It’s Liberty as you’ve never seen it before: our window dressings have had a sporty make-over in honour of the 2014 Commonwealth Games. Pop down to our Great Marlborough Street entrance and take a look – each department has a dedicated window featuring our newest hero pieces against a backdrop of service lines, nets and scoreboards.

Shop in-store or online to find your match made in Liberty

liberty mens window

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Spotlight on: Larson & Jennings

Friday 25th July 2014, 16.46

 

 

 

Anglo-Swedish watchmaker, Larsson & Jennings, are taking the timepiece scene by storm. We caught up with the discreet team to get the 411 on combining two styles of European design, strap preferences and their top tips for buying watches.

Which watch are you wearing now?
It’s really hot in London today so we’re wearing the CM | Gold – the lightweight Milanese chain metal is nice and cool in the heat, plus the colour looks good with a tan.

Do you wear the same watch all the time or change it to suit your mood?
We like to change it up. Our core watches have quick-release straps so you can swap the styles to suit the mood or activity you’re doing at that time.

What do you love about Swedish and British style?
Both nations have incredibly rich history and design identities, which offer a wealth of styles to be inspired by from both the past and present.

How have you brought these elements to your watch designs?
By combining the classic British dress watch aesthetic with the paired back minimalism that’s so popular and effective in Swedish design, we’ve brought elements of each nation’s signature styles together to create one product that bridges both.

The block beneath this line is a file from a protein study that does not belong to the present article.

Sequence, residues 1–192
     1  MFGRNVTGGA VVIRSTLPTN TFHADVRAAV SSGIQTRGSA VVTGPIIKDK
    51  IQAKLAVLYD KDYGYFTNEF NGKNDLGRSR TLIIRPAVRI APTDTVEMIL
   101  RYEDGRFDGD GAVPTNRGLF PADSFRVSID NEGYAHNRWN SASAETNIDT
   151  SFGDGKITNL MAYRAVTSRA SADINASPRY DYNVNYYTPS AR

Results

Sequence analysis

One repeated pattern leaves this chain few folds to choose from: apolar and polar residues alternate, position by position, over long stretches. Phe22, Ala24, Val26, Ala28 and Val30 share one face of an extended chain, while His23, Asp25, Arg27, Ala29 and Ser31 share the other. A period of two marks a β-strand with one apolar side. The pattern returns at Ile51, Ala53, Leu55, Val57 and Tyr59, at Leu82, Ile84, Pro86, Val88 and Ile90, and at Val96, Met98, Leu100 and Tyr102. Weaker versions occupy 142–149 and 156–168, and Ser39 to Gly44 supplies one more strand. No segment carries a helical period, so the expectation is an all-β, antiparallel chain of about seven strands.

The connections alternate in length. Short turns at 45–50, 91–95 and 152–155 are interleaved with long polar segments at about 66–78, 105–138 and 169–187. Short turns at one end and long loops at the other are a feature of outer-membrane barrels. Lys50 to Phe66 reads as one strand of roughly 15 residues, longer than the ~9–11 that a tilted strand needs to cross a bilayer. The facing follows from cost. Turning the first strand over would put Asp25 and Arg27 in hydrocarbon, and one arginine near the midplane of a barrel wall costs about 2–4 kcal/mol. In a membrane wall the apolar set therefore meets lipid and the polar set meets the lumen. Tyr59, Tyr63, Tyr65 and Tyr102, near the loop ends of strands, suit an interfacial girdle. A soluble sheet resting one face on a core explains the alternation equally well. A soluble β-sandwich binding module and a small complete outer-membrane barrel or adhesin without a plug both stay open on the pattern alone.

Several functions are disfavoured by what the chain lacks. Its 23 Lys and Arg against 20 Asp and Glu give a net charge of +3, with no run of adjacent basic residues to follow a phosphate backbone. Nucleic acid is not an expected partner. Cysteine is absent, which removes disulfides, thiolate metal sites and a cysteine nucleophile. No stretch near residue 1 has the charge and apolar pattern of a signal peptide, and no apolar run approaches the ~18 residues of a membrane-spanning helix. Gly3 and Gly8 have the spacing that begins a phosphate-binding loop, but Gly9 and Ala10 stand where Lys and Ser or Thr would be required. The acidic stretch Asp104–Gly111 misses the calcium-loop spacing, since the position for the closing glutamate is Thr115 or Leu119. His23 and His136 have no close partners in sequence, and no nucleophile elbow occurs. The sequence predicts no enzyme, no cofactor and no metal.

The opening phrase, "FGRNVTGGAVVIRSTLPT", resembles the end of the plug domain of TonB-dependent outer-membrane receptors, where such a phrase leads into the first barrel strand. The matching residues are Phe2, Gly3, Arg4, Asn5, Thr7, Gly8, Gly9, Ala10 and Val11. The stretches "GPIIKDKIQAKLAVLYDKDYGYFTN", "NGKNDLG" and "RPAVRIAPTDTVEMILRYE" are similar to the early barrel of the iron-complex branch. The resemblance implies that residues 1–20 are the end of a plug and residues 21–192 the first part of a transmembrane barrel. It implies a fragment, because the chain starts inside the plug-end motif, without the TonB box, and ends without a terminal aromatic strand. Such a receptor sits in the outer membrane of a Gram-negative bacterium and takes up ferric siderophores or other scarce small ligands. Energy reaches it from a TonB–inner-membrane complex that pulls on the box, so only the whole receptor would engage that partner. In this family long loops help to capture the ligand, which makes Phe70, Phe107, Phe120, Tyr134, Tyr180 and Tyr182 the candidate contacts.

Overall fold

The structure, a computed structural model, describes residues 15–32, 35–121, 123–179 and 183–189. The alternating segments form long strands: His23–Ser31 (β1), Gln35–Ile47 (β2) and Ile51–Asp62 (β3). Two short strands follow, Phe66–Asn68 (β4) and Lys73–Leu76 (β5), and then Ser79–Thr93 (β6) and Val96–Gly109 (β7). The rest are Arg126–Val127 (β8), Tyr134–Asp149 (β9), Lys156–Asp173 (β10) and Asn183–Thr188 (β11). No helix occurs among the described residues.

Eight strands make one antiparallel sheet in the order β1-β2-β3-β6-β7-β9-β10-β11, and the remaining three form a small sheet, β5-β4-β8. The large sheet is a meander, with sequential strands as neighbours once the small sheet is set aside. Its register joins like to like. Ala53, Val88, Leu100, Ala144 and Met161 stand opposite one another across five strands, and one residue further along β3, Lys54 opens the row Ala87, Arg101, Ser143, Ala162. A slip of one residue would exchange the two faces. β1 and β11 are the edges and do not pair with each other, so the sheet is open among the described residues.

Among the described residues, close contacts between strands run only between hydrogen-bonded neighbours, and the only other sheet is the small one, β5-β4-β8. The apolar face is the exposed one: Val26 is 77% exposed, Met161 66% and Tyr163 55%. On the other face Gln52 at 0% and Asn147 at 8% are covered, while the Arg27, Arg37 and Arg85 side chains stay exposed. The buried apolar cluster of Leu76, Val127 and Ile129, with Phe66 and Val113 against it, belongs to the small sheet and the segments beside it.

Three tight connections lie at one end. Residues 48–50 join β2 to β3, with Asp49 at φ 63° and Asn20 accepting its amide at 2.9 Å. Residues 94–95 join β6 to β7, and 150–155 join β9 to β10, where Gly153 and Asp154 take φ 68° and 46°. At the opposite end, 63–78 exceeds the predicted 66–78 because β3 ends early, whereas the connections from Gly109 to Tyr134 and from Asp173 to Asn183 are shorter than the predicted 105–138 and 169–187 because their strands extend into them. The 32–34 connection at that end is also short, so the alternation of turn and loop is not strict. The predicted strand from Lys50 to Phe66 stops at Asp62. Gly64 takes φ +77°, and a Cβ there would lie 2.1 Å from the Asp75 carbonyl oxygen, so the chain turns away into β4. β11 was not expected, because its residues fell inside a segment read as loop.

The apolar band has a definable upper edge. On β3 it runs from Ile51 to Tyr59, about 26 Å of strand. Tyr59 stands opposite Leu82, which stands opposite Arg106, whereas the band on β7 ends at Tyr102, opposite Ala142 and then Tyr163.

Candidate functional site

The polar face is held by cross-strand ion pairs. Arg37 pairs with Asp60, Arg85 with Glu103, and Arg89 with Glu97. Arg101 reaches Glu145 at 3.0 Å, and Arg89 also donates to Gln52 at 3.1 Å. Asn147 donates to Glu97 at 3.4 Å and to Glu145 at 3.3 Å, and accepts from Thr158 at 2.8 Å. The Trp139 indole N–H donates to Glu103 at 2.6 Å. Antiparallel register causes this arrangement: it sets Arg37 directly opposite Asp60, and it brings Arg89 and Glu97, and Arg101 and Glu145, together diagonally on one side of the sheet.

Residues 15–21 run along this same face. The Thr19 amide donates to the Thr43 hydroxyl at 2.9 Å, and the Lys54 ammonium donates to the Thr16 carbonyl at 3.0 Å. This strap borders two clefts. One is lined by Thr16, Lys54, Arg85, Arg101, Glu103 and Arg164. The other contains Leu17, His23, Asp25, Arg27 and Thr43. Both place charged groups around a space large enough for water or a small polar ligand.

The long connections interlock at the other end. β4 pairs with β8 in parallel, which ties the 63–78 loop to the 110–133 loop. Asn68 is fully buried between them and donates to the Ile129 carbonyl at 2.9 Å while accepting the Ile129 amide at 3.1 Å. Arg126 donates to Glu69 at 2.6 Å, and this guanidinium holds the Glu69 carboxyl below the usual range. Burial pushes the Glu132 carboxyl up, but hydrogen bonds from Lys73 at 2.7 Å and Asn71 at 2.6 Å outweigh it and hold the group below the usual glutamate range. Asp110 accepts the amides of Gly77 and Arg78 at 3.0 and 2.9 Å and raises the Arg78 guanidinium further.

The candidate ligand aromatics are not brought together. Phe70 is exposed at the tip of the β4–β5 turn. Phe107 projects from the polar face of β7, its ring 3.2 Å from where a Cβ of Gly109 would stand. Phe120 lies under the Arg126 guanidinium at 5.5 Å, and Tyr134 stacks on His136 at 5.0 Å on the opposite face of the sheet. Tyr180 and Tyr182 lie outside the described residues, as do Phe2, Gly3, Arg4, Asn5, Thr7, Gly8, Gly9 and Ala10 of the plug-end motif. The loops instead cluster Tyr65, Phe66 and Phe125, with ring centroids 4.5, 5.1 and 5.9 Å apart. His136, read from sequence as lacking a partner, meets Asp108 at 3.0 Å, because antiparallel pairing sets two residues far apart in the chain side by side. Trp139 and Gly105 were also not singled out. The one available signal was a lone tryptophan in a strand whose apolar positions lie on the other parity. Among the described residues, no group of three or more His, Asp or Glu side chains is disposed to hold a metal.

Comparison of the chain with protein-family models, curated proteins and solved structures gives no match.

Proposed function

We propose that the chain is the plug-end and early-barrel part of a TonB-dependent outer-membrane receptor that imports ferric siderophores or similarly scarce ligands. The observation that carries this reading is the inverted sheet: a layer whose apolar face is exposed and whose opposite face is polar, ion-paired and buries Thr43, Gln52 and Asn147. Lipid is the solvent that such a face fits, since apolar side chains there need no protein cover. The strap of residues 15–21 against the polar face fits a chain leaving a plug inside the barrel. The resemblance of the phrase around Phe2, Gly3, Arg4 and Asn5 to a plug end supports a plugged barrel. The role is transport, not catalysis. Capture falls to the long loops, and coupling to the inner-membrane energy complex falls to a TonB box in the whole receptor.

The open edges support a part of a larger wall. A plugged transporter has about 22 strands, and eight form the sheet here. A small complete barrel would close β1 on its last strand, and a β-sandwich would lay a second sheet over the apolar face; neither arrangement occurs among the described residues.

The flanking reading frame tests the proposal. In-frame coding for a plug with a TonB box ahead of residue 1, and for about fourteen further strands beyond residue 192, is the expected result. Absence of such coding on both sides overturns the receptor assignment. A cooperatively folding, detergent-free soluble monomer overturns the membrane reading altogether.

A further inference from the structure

Your watches are popular with guys and girls. What is it about your designs that make them great unisex pieces?
The simplistic design, the lightweight feel and the high quality fabrics and materials make the watch both functional and easy to wear. Plus the 40mm case size of our classic ranges lend itself well to both men and women.

Canvas, leather or metal strap?
We couldn’t possibly choose. It really depends on the wearers aesthetic and style. The Larsson & Jennings watch case and dial is a mix of classic and contemporary so any of the strap categories work as long as you are you looking for a clean and uncomplicated watch.

If you could give one piece of advice on buying a watch it would be…
As well as looking for comfort and great design, the most important thing has to be good manufacture. Our watches are made with precision engineering in Switzerland so that they’re the best quality they can be at the current price point. At the end of the day it’s a functional item so it’s got to work as well as look stylish. We’re launching new watch styles later this year and look forward to sharing them with old and new customers.

Photo by Lucy Williams from Fashion Me Now

Photo by Lucy Williams from Fashion Me Now

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Trending: Alfresco Dining Ideas

Monday 21st July 2014, 16.32

 

 

Everyone’s been thinking about alfresco dining ideas.

With the recent heatwave hitting the UK hard, it’s been difficult not to spend all our time outdoors. Our new Flowers of Liberty range of luxurious, English-made homeware and gifts has been sliding off the shelves quicker than you can  say Mary Berry this week – and for good reason.

Covered in our stunning Theodora Liberty print, our collection of plates, placemats and table accessories is the only way to serve up summertime dishes when dining alfresco.

Be inspired for your own garden outdoor dining ideas and share your pictures with us @Liberty #FlowersOfLiberty.

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Beauty Beat: A Cheat’s Guide to Flawless Foundation

Friday 18th July 2014, 16.42

 

 

Liberty Beauty Buyer, Sarah Coonan spreads her beauty tips on choosing and applying the right foundation for a flawless, expert finish.

Foundation is probably the most important step in any make-up routine. The wrong foundation, when poorly applied, can be really ageing and look mask-like. Luckily, finding the best foundation is much easier than you think and application doesn’t need to take hours. We’ve pulled together some of our favourite makeup tips and tricks to help you achieve an enviably flawless base.